How the Nrf2 System Protects MeMarch 19, 2023
How Does the Nrf2 System Protect Me
The Nrf2 system (nuclear factor erythroid 2–related factor 2) is your master switch that turns on some 2,000 genes that help you turn off oxidative stress. The Nrf2 system also activates a whole portfolio of longevity genes. Last week, we learned that oxidative stress is the result of reactive oxygen species, escaping overworked mitochondria and damaging cell membranes. This week, we add the longevity mechanisms.
Nrf2 declines with aging, which appears to be inevitable and its overt causes are elusive. There are a lot of diseases associated with aging. Hence, knowing how Nrf2 interacts with those diseases will give us more tools to get to the root cause and either outright reverse them or soften the blow.
There are 9 standard hallmarks of aging: genomic Instability, telomere attrition, epigenetic alterations, loss of proteostasis, deregulated nutrient sensing, mitochondrial dysfunction, cellular senescence, stem cell exhaustion, and altered intercellular communication. An international meeting in Copenhagen just added 5 more. Of those first 9, the Nrf2 system modulates them all dramatically.
For example, Genomic Instability. As we age the lack of DNA repair leads to increased mutations and replication errors, which leads to cancer and cognitive decline. Nrf2 targets genes that lead to improved DNA repair. It's that simple. The key switch to fixing broken DNA is your Nrf2 system.
How about Telomere Attrition? Cells die when their telomeres get too short. Telomeres are the DNA caps on the end of your chromosomes. With each cell cycle, you lose a tiny bit of your telomeres. The Hayflick limit predicts you live only as long as your telomeres. But an enzyme will lengthen your telomeres, cheating the Grim Reaper. It's called TERT or Telomere Reverse Transcriptase. And what does Nrf2 have to do with TERT? Apparently everything. Re-lengthening your telomeres is one of antiageing's "Holy Grails".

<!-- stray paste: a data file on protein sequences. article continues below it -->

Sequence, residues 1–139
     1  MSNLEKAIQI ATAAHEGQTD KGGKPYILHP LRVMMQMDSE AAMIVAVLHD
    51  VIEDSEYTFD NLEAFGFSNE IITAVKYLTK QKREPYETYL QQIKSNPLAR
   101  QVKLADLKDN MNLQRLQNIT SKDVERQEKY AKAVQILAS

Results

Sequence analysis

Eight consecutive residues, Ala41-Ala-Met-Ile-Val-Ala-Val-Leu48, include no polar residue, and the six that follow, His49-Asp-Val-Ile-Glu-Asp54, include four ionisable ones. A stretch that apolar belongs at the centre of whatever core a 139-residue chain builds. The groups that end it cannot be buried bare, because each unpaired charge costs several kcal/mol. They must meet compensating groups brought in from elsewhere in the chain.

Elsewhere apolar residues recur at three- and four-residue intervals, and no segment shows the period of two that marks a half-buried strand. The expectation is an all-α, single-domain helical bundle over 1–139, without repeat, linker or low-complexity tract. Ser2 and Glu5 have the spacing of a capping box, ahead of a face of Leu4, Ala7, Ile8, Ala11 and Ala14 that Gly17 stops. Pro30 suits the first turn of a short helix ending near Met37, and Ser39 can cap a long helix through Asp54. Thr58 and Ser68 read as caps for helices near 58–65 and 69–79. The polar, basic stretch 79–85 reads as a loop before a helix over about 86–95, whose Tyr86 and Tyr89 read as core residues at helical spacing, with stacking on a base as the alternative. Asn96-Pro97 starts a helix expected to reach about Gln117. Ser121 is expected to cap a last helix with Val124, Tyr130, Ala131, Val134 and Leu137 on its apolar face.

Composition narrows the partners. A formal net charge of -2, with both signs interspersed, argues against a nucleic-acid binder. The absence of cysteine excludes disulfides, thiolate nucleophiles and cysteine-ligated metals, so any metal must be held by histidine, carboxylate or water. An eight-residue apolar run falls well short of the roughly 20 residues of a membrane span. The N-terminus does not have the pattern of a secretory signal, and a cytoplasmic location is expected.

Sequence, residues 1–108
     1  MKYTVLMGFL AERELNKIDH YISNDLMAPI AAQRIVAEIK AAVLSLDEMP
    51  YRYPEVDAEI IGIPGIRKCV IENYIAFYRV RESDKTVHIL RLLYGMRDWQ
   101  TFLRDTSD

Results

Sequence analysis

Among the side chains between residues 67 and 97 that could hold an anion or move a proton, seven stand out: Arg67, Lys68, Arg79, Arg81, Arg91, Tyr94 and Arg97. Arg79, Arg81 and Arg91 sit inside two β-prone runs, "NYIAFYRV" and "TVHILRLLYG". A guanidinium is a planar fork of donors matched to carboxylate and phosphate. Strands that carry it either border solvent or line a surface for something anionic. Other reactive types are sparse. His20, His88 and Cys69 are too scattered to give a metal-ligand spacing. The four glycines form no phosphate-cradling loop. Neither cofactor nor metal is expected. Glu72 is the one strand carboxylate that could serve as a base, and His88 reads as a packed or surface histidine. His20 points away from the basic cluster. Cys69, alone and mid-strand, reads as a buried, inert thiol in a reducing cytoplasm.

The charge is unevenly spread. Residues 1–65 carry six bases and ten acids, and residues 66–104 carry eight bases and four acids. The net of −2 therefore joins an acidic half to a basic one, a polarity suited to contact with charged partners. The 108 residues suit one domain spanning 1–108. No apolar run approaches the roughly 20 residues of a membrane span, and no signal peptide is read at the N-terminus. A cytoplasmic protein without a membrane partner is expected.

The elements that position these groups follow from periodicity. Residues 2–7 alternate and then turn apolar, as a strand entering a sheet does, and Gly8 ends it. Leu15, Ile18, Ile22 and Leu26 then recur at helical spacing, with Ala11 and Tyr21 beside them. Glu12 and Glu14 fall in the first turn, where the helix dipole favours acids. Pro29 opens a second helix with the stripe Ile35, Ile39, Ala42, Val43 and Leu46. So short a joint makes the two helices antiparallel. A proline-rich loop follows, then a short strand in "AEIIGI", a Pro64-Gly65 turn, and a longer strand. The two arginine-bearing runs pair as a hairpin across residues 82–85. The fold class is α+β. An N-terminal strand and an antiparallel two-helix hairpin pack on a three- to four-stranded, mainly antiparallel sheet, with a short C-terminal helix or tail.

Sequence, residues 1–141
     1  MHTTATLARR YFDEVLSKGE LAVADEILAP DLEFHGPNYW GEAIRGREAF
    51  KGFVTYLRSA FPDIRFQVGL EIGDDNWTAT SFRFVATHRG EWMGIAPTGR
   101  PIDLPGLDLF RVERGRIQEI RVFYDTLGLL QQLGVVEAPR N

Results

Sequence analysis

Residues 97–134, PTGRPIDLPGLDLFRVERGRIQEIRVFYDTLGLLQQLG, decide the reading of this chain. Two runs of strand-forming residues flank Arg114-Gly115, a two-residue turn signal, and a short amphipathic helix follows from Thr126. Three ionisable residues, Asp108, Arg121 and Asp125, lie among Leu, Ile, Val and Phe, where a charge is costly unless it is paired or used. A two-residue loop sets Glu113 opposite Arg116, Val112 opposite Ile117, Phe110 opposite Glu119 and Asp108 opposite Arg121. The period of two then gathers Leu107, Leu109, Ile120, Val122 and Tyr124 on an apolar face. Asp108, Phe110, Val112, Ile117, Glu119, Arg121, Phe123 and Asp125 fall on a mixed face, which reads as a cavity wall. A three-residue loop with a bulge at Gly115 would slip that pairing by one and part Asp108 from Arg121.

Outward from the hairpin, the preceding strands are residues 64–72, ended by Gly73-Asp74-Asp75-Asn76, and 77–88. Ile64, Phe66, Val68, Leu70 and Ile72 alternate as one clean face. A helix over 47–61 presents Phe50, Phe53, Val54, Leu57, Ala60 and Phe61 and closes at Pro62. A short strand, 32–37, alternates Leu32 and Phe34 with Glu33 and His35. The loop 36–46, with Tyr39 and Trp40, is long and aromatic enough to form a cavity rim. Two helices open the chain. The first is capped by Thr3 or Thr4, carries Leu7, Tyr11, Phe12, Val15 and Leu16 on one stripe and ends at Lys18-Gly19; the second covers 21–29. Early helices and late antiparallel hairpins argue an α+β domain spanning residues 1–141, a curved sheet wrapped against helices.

Then there are Epigenetic Alterations. Our epigenome is composed of some 20 million markers on our chromosomes that regulate when we turn genes on and off. Those alterations are key to the development of cancers. Again, Nrf2 is key to the whole process of keeping that labeling and marking system stable.
Loss of Proteostasis is basically the accumulation of misfolded proteins. When our proteins are assembled and folded improperly, cells don't function well. Nrf2 actives genes, POMP and the PMSA family in particular, that regulate folding and misfolding. Examples of misfolded proteins include amyloid in Alzheimer's and Alpha-synuclein in Parkinson's.
Get the drift? Virtually every element of our 9 standard "Hallmarks of Aging" are intimately tied to Nrf2 and its appropriate activation. If you want to do a deeper dive: here are just a few of the thousands of research articles detailing that story.
Mitochondrial Dysfunction: Current Opin Toxic.,
Cellular Senescence: Mol Chem Biochem,
Stem Cell Exhaustion: Frontiers,
It makes sense. If we are to maintain a healthy body, we need a switch that turns on that vitality across the board. Parsing down to the details, that switch, the Nrf2 system, plays a key role in the initiation and promulgation of each of the identified components.
www.What will Work for me? I had no idea about the breadth and depth of the Nrf2 science. In 2010 there were some 400-500 references in Pubmed. Now there are some 10,000 a year and what used to be thought of as a 3 to 4-step process is now much more complex with several hundred interlocking enzymes and interdependent steps. That makes it central to the treatment of just about every disease. Ok, really! Every disease. Next week, the evidence for that and how to treat it.
1. After 40, it's just patch, patch, patch! Why? Answer: Decline in the Nrf2 pathway.
2. Current research focuses on how many hallmarks of aging? Answer: The easy answer is 9 well-known ones but there have been recent additions. The story may not be over yet.
3. Can you name a few? Answer: genomic Instability, telomere attrition, epigenetic alterations, loss of proteostasis, deregulated nutrient sensing, mitochondrial dysfunction, cellular senescence, stem cell exhaustion, and altered intercellular communication. You get an A if you could remember 2.
4. Current research in Nrf2 is dramatically falling off as researchers focus on other things. T or F. Answer: False. This is just about the hottest topic in town.
5. How many genes are known to be involved with the Nrf2 system? Answer: At least 2000 so far.